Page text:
Oyster reefs are a very important habitat in many estuaries, particularly Galveston Bay. They provide a unique suite of benefits as both a fishery and habitat for other aquatic species. Oyster reefs filter contaminants from the water, protect shorelines, stabilize sediment, and provide food and shelter for over 300 different species. One adult oyster can filter up to 50 gallons of water in one day! Unfortunately, oyster reefs are the most threatened marine habitat worldwide. Studies show that over 85 percent of oyster habitat has been lost on a global scale. In Galveston Bay, over 50 percent of the oyster reefs have been destroyed, primarily due to decades of heavy exploitation coupled with multiple storm events such as Hurricanes Ike and Harvey. Prior to 2008, Galveston Bay yielded nearly 90 percent of the oyster production in Texas. Although oysters are growing well in Galveston Bay, the removal of shells from the bay, due to storm‐driven sedimentation and unsustainable harvesting, has led to a shortage of hard substrate, a key component for sustaining oyster populations. Unlike fishing for trout and red drum, when an oyster is removed from the bay for human consumption, it’s home, and the future homes of other oysters (the shell), is removed as well.
The Galveston Bay Foundation (GBF) reclaims shucked oyster shells from local seafood restaurants through the Oyster Shell Recycling Program for reuse in reef restoration throughout the Galveston Bay estuary. GBF has managed this program since 2011, collecting over 980 tons (1.9 million pounds) of oyster shells to date! The Texas Parks and Wildlife Department (TPWD) captured GBF’s shell recycling efforts in a video that aired on PBS in early 2019: https://youtu.be/cuO6Bx83rDU. Over fifty percent of the shell recycled by GBF has been incorporated in oyster reef restoration projects, like the Sweetwater Lake Oyster Shell Breakwater shown in Figure 2 below. When returned to the bay, the reclaimed shells serve as new oyster habitat. The goal of GBF’s Oyster Shell Recycling Program is to increase the amount of hard substrate in Galveston Bay to help oysters grow, promoting a sustainable oyster population. Without hard substrate on which to attach, oyster larvae have a low survival rate. By encouraging restaurants to recycle their shells, GBF aims to reduce the amount of shells sent to landfills and increase the amount of shells returned to the bay.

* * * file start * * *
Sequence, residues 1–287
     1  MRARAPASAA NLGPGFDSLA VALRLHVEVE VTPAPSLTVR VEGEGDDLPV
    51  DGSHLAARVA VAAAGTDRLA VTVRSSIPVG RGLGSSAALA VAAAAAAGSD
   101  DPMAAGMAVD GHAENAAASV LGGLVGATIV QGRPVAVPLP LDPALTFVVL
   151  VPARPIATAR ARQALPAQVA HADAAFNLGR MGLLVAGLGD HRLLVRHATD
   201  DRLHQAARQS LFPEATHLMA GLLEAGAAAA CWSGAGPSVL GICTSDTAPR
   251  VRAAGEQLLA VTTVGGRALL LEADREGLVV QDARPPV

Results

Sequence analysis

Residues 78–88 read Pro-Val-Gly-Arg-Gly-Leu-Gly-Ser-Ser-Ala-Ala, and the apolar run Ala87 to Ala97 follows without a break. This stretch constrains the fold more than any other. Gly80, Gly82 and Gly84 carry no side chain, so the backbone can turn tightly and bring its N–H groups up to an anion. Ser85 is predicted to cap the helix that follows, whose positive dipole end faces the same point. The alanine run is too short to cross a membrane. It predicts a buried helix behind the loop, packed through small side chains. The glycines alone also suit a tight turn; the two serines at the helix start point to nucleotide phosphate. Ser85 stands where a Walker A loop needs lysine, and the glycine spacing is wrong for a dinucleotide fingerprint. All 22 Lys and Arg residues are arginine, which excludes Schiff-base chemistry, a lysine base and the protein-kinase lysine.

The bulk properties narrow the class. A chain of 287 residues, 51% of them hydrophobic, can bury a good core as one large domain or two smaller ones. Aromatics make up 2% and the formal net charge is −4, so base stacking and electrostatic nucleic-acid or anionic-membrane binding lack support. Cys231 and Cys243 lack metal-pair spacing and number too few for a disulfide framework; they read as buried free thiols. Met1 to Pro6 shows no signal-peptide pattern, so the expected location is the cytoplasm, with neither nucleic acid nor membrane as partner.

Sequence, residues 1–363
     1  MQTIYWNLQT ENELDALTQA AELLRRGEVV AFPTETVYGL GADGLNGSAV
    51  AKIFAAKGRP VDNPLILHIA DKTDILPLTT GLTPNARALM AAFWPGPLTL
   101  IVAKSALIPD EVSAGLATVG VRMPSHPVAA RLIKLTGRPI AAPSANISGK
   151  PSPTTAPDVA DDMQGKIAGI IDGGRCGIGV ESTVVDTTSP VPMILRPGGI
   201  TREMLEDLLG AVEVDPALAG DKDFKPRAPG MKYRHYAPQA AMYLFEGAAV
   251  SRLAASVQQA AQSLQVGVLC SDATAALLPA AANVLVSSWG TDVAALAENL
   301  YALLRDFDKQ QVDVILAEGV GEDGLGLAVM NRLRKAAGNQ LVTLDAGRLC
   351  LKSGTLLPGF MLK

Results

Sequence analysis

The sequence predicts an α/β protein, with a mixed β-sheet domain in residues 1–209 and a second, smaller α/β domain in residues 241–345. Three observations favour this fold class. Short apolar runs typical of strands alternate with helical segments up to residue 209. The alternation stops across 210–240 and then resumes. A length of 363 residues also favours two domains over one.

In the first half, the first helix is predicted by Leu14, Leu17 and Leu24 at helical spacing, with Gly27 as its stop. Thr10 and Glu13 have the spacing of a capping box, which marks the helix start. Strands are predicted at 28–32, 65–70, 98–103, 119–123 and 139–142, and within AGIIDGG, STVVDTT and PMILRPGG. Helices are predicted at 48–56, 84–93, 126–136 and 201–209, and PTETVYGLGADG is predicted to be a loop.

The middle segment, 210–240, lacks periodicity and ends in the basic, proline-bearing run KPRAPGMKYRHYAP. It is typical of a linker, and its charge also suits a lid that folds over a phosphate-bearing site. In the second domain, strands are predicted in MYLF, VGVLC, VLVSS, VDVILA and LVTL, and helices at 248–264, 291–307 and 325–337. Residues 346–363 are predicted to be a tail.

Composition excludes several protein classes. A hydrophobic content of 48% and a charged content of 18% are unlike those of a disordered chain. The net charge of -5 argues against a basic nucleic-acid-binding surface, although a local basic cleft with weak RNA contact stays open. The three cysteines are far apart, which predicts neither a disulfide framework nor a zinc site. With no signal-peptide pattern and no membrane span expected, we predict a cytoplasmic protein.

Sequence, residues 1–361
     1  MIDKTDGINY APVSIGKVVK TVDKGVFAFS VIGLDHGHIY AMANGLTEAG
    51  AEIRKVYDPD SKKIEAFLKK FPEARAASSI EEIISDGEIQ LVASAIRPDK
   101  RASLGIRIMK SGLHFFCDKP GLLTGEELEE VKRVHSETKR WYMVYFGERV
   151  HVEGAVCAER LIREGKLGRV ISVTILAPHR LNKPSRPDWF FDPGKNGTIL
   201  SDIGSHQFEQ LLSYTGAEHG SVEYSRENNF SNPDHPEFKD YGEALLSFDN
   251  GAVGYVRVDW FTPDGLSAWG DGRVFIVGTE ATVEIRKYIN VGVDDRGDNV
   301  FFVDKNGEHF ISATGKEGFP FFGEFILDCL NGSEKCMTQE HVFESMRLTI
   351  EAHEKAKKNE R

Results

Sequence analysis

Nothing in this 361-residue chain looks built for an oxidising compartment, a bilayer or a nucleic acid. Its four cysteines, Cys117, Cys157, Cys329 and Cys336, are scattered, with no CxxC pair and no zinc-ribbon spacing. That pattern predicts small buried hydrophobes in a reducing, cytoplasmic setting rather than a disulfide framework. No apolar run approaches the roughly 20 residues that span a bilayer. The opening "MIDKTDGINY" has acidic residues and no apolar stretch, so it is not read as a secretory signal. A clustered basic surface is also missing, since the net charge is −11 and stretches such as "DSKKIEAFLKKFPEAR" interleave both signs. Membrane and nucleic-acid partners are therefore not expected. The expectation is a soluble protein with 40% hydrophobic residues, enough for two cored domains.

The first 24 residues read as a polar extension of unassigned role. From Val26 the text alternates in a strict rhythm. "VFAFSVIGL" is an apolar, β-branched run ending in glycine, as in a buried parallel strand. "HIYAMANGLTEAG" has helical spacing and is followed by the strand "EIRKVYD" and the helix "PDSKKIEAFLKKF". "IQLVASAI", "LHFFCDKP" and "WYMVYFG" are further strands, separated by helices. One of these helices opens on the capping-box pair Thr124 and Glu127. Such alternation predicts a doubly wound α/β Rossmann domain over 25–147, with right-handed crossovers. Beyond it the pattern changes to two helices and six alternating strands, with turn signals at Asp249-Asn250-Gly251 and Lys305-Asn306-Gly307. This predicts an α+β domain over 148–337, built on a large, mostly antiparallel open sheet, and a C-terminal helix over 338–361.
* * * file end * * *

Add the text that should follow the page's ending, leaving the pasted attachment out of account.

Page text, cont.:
GBF initiated the Oyster Shell Recycling Program with one restaurant in the Clear Lake area, and one shell storage site. With grant funding and support from private foundations and corporations, the Program has progressed through the Pilot and Expansion Phases, resulting in 12 restaurant partnerships and four shell storage sites over the last eight years. Within the first two years of operations, the amount of shells recycled annually increased by 200 percent. Since that time, GBF has streamlined the shell recycling operations and developed long‐lasting relationships with restaurants throughout the Clear Lake area and on Galveston Island. As a result, GBF collects an average of 100 tons of oyster shell a year, thus allowing for more and larger reef restoration efforts like the Dickinson Bay Oyster Reef Restoration Project featured in the following video: https://youtu.be/vtBCbp76W58.
Now, the Foundation is working to further expand its shell recycling operations into Houston within the inner-loop. The number and density of seafood restaurants serving oysters in the Houston metroplex far outweigh those in Clear Lake area as well as Galveston Island where GBF’s operations are currently focused.
How can you help?
Come to the Inaugural Houston Oyster Festival on April 4th, 2020 to help kick-start the program expansion! Up to 20 restaurants will be present at this event to provide samples of their signature oyster dishes. A raw bar will be available to anyone interested in trying oysters on the half shell and a VIP lounge will provide pairings of oysters and cocktails. GBF will also include an educational component at the Festival and involve all attendees in the shell recycling process.
All proceeds will support GBF’s oyster shell recycling operations and help facilitate the expansion into Houston. The restaurants participating in this event will be given the first opportunity to receive weekly shell recycling services once GBF is able to expand to Houston. And of course, each shell collected at the Festival will be returned to Galveston Bay!